With self-publishing, authors have to bear the expense of the services that they are availing of the publishers. Depending on their needs and vision, the authors can select the services they require. Even big names like Stephen King have harnessed the potential of self-publishing and are bypassing traditional publishers.
It is a known fact that traditional publishing is a long time-consuming process. Moreover, all big publishing houses are highly selective when choosing content. If an author doesn’t have an existing audience, it becomes even more difficult to crack a deal.
On the other hand, the option of self-publishing favours the author in many ways. The author has full authority to decide when to publish the book. He or she also retains all rights relating to the book.
And most importantly, the author receives 100 percent profit. There is no need to pay commission to the publishing house and the literary agent.
The Reader-Author Relationship
The reader is at the heart of the publishing process. No author or publisher can undermine the importance of readers and their opinions.
With social media in full swing, publishing houses are jumping on the bandwagon of the latest trends to build relationships with readers without missing out the chance while they are still popular.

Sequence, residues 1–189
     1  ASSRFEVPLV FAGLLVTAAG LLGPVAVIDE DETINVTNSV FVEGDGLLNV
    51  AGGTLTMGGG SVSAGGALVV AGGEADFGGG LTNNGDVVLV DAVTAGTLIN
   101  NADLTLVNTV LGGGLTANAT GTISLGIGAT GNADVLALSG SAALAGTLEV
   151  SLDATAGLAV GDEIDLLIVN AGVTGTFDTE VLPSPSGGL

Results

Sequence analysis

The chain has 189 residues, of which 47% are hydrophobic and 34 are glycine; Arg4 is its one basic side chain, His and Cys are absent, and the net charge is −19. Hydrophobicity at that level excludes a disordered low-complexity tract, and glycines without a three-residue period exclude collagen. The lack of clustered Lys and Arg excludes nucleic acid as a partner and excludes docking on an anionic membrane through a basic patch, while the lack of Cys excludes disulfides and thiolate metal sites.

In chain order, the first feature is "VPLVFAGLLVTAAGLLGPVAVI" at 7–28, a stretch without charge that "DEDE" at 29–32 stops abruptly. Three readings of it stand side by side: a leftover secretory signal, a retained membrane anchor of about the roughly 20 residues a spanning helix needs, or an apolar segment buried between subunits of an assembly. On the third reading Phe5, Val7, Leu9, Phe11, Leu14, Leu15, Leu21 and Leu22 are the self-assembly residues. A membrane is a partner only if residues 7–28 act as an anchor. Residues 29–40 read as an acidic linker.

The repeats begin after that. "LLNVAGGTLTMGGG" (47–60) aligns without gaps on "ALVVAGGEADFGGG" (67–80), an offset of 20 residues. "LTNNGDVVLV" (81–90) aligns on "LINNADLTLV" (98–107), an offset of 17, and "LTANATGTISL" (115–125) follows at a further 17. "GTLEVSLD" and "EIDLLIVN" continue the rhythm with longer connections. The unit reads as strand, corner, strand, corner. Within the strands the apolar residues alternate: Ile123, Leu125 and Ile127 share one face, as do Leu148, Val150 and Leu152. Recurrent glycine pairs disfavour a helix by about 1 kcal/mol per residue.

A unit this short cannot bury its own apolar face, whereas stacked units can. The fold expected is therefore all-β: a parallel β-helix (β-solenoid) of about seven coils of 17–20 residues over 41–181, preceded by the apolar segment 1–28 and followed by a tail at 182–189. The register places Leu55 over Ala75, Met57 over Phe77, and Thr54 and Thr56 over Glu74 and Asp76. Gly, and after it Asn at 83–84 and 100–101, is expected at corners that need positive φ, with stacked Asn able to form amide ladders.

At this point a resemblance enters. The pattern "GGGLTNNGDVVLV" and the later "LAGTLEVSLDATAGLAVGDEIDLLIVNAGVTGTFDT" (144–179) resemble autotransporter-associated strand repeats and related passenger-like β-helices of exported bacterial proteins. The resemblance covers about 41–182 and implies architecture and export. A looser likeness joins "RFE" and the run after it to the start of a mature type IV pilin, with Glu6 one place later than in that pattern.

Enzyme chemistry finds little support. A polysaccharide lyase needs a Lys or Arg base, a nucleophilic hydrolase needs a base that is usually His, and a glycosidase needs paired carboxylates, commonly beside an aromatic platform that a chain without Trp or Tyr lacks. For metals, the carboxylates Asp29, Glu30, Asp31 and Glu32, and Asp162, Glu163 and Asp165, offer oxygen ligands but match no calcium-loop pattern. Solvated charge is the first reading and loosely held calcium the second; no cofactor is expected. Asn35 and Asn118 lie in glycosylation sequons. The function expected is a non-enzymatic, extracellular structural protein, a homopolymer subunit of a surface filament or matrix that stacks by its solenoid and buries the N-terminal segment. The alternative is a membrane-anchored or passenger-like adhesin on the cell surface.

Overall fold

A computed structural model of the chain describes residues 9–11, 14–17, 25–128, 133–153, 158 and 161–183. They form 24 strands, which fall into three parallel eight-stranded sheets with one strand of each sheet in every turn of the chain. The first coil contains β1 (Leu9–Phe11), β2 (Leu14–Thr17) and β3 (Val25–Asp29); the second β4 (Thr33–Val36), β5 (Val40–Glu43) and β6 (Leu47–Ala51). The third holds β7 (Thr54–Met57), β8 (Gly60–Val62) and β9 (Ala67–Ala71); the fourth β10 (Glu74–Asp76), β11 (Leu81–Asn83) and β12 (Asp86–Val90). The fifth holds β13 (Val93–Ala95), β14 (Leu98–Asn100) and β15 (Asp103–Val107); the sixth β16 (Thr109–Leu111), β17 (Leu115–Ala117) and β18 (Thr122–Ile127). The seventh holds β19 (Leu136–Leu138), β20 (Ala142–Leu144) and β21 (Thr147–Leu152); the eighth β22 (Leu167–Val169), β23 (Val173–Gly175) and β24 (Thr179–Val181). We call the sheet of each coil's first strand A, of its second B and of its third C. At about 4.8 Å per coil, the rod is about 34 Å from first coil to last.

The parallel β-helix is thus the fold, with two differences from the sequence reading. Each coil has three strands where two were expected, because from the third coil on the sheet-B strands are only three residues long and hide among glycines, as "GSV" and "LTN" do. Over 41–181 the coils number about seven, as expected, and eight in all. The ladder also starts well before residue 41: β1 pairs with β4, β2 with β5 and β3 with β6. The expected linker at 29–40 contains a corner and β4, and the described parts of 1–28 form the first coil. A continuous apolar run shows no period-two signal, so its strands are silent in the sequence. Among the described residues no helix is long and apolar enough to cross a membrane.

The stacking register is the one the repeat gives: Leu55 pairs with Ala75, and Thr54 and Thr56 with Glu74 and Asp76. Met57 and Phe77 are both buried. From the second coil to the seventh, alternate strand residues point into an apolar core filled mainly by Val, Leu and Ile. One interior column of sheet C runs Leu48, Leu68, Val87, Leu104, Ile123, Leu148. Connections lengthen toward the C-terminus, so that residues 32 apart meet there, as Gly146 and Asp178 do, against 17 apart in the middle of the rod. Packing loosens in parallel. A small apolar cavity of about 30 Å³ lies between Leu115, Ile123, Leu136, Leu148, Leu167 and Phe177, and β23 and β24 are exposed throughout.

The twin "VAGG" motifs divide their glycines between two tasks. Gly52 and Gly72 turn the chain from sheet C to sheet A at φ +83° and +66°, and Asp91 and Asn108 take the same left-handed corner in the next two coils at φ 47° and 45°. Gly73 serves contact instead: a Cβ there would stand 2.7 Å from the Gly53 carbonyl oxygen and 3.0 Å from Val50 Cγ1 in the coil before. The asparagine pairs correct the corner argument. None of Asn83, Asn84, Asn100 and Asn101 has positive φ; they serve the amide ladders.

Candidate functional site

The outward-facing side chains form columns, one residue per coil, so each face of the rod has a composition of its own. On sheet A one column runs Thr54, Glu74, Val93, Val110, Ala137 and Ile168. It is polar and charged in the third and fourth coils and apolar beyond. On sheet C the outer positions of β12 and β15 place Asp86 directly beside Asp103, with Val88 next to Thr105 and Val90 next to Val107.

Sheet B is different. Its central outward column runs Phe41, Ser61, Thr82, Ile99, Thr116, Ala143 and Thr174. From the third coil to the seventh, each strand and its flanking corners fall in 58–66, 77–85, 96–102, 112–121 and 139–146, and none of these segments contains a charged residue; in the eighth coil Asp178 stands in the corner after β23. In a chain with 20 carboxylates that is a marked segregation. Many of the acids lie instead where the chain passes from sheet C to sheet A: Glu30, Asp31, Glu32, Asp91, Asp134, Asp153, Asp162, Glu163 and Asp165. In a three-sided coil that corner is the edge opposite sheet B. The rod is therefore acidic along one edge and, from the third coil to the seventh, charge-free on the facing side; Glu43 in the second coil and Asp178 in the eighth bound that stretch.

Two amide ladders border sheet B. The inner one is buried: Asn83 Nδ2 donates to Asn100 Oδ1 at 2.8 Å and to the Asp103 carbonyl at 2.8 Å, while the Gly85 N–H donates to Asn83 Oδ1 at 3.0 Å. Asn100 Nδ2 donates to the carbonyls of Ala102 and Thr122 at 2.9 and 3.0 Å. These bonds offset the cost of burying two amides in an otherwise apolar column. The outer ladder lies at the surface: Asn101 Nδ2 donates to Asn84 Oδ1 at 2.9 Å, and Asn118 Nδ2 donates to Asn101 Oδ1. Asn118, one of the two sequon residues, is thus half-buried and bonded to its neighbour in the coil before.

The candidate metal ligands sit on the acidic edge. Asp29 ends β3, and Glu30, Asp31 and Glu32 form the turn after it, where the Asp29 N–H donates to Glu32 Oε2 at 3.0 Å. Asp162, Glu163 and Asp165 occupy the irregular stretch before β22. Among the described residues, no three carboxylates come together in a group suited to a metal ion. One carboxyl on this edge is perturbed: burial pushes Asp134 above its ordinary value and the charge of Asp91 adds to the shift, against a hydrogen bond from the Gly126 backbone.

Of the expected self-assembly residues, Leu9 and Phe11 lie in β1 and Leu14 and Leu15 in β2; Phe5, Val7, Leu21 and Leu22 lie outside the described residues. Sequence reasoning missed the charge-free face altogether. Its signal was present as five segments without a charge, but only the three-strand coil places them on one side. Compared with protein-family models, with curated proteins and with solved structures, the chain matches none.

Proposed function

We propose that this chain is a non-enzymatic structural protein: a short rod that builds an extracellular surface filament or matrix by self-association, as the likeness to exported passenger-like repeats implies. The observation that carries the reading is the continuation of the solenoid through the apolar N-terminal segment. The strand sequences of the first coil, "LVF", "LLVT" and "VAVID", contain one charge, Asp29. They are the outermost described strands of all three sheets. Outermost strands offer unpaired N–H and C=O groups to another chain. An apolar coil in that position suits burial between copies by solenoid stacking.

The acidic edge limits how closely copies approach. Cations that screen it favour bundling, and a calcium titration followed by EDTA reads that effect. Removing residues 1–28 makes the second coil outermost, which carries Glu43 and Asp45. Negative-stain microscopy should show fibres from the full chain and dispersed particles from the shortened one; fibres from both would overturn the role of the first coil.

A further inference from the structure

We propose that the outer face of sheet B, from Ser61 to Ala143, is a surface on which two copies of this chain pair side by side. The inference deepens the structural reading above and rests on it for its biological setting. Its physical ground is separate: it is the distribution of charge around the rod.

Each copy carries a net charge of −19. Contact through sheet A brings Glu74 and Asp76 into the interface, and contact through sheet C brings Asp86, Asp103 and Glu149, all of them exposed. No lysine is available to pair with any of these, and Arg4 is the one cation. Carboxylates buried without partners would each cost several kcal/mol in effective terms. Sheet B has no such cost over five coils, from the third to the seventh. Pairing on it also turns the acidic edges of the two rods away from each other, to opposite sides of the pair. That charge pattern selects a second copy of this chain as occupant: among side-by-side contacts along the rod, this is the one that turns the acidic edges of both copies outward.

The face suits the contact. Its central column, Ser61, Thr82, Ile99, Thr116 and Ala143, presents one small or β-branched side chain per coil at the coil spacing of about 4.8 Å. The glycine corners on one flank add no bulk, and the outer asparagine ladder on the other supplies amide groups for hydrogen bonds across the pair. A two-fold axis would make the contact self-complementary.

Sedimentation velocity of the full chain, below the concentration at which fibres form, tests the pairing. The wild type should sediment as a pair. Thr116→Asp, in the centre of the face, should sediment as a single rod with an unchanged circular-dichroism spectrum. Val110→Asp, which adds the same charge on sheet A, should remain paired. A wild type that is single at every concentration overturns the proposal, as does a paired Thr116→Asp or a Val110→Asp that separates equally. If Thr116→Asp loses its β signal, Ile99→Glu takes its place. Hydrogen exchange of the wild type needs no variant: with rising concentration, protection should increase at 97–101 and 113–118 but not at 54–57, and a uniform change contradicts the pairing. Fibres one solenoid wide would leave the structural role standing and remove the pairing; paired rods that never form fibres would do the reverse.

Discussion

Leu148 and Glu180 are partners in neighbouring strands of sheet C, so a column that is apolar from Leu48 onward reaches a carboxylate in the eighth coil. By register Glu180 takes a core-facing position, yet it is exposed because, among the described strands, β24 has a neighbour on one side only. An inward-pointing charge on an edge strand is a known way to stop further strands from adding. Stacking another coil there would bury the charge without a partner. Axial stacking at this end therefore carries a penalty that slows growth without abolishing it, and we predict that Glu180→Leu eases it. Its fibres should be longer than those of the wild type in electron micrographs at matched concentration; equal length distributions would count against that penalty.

With the ubiquity of the internet, even readers expect to be in touch with their favourite authors. A plethora of authors have Facebook groups, Instagram and Twitter accounts. They also communicate via mail chain. Authors have realised that building an audience is of paramount importance. It is advantageous to identify and engage with the audience.
The latest trends reveal that the readers also have a strong inclination towards audiobooks. Audiobooks have not replaced reading entirely. In fact, it allows people to explore books when they don’t have time to physically read. They listen to them while performing menial tasks like cleaning, walking, driving etc. As people finish more books while listening to them – as compared to reading them – publishers are also trying to harness this opportunity by releasing more audiobooks.
Technology has brought some never-thought-before changes to the way publishing functions as a business. Even though there have been plenty of upheavels in these recent years, one key factor remains unchanged.
The storyline still remains the trail-blazer of the business. No amount of technology will ever replace the importance of a good narrative.
About the Authors
Dipa Sanatani is the Merchant of Stories. She delights in gazing out at the ocean and jumping in. She sees life as one great adventure and is an ardent student of the human experience. She is the author of The Little Light and the Founder of Mith Books. She works in a top secret day job.
Udita Nayak is a bibliophile who wants to explore the world and pen down all her adventures. She has an inclination towards things that have artistic significance. She strongly believes in the power of ripple effect and dreams of publishing her own book in future. During the day, she works in consulting.
7 thoughts on “A Snapshot of the History of Publishing: from illiteracy to e-readers”
This truly is a very informative post! In a world like the one we live in right now, we tend to take things as they are for granted without appreciating the journey that comes along with it.
When intact, the history only increases value and appreciation.
Wow, a very informative and interesting read. Loved the writing style to the core.
Also, don’t you feel Audiobooks have just revived the tradition of oral storytelling?
Yes, I think audiobooks are a return to the word-of-mouth style of storytelling!